When I saw this on Facebook I wanted to hide my face. I could easily be the poster child for ADGD. Sometimes I get so mad at myself for going off on tangents instead of staying focused on what I am supposed to be working on. I will start looking at the 1870 census for a particular family and then I will see another name of interest on the page which causes me start looking at Civil War records to see if the man served in the war. Then that man’s wife’s name catches my eye and I think I might know who she is so then I start looking at compiled genealogies to see if the man married the woman that I think he did. The woman turns out to be the daughter of a different man than I thought but could her father be the same man that I saw in the tax records last week? I go back and have another look. In the meantime, I have totally forgotten about the family I was looking up in the 1870 census. Sigh…
When I am doing genealogy research for other people I MUST stay on task. Going off on unrelated tangents just isn’t an option no matter how tempted I am. I try to use the same tactics that I use to stay on track when doing professional research when I am doing my personal research.
- I use Research Calendars almost religiously. I used to not use them at all because I thought that they took more time than they were worth but I have totally changed my mind about that. Research calendars keep me focused on the research goal at hand and I can then use them to write up my final findings. I can copy and paste my citations right from the calendar.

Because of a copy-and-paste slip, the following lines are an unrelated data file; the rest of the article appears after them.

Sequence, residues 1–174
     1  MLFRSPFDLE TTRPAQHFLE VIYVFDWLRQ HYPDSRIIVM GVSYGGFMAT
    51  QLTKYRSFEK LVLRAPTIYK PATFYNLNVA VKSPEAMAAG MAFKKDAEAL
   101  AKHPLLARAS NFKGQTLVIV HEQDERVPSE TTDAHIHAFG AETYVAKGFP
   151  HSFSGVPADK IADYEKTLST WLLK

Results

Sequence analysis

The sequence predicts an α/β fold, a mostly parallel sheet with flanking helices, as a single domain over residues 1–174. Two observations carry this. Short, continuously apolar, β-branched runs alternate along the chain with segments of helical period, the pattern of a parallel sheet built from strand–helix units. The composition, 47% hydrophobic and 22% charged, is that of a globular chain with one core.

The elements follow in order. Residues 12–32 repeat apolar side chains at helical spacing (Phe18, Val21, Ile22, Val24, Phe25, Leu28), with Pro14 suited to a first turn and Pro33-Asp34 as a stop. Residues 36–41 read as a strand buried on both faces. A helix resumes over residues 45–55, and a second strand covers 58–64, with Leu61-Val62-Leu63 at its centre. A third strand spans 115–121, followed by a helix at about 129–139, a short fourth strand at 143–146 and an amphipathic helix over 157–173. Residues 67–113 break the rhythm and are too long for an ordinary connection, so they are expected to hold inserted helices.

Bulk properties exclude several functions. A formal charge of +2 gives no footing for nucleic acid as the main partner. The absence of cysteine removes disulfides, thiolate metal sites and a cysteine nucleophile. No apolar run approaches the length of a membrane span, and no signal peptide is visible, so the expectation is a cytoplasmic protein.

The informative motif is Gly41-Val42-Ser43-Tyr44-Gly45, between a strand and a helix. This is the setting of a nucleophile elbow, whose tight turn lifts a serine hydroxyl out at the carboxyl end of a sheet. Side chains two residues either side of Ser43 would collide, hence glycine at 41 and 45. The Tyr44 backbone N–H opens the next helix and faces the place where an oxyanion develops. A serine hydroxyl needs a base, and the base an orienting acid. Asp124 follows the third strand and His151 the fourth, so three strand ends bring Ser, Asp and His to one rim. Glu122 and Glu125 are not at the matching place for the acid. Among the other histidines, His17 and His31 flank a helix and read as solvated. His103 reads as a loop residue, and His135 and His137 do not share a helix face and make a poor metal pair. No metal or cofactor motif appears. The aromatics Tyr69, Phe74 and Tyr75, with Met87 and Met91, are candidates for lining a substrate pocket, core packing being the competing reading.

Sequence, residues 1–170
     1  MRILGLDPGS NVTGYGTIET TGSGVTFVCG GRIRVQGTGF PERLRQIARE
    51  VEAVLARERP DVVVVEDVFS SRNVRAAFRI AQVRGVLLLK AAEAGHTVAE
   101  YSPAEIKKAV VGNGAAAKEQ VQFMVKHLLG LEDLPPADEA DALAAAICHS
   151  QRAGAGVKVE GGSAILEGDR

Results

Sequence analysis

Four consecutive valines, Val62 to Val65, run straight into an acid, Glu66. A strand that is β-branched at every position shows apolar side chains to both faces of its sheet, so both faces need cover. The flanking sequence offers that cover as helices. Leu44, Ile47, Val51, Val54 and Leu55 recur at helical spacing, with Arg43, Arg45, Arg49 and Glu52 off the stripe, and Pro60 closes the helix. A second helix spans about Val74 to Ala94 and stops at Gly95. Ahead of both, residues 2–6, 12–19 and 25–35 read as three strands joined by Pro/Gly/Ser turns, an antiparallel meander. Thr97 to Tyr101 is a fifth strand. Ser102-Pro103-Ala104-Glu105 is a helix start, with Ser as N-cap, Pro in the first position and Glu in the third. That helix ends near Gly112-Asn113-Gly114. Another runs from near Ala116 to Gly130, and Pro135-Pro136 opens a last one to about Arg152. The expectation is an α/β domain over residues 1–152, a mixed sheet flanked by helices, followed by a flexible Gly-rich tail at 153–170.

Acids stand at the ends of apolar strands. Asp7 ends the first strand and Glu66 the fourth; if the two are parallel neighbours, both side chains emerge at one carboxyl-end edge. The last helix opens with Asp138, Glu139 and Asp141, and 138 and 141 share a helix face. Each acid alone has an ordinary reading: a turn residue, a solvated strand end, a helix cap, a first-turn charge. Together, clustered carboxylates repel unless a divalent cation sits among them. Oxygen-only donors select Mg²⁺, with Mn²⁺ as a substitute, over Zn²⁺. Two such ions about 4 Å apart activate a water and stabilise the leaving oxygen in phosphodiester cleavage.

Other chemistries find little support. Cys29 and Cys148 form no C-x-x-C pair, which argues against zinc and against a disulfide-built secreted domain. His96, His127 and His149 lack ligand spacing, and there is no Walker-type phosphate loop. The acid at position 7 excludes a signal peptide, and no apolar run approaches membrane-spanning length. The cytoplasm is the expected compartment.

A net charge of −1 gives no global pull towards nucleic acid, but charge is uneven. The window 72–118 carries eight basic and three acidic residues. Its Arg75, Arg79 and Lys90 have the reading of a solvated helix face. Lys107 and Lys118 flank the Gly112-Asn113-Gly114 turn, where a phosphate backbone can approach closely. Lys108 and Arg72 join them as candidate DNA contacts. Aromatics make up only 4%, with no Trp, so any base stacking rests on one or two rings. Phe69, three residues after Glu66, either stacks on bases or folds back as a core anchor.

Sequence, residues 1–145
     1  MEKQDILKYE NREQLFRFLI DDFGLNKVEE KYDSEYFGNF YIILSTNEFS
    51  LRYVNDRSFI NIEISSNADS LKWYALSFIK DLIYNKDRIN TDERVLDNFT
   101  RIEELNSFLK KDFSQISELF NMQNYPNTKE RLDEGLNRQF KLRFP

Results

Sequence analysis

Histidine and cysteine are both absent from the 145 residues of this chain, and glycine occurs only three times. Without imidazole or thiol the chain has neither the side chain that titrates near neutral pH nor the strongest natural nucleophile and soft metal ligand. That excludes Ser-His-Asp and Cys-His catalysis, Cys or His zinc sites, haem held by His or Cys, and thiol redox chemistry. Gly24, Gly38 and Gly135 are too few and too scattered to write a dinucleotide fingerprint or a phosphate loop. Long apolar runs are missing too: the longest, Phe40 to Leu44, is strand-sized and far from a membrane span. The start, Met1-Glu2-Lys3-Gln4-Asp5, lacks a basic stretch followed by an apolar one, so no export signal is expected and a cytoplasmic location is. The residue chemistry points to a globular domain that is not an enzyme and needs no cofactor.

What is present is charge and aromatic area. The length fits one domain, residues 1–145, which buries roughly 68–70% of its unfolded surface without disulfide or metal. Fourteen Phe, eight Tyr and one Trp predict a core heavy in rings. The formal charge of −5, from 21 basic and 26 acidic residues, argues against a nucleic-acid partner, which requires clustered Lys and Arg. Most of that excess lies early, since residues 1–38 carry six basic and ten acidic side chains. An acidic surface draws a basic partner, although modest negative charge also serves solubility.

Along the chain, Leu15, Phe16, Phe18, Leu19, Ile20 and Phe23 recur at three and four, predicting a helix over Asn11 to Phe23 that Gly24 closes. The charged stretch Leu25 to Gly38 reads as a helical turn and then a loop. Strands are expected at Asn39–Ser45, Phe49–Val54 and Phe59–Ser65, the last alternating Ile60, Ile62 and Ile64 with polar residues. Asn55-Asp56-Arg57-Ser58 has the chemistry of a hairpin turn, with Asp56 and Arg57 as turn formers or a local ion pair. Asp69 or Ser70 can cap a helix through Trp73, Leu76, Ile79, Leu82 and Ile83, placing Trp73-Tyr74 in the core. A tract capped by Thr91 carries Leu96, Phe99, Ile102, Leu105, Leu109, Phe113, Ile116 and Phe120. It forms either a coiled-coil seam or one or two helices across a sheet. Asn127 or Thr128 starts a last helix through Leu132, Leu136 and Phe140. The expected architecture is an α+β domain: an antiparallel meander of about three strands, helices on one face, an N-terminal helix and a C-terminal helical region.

- Another tactic is to start a new family file in Legacy for the person/family that I am working on. I can merge that file into my main file later. It keeps me from flipping to unrelated persons because it is too much of a bother to close the file I am working on and open up my main file. It keeps my target family isolated and that keeps me on track.
- When I am starting a new project, I try to clean off my desk completely. I file all the documents that have been piling up and I put away any reference materials. I clean out my in and out boxes and make sure that everything I will need is at my fingertips. I want nothing but the project at hand within my vision field and I don’t want to run out of printer paper or ink when I am in the middle of something.
- I set time limits. I will set aside a certain amount of time to work on the specific project. Knowing that I am on the clock really helps me stay focused. I will even mark blocks of time off on my calendar. Treating your research as an actual appointment will help you make time for it.
- I make sure that all of my other genealogy obligations are caught up. Right now I am in ProGen 18 which involves reading, studying, assignments, feedback and chats, I belong to the NGSQ Study Group, I have a Power Point presentation that needs to be updated for a lecture I will be giving, and I write two blogs. I have to stay on top of those things so that I can devote blocks of time to research.
Thank you Deidre Erin of Twisted Twigs on Gnarled Branches for the great ADGD graphic! It is a great reminder for us to stay on task.
Copyright © 2013 Michele Simmons Lewis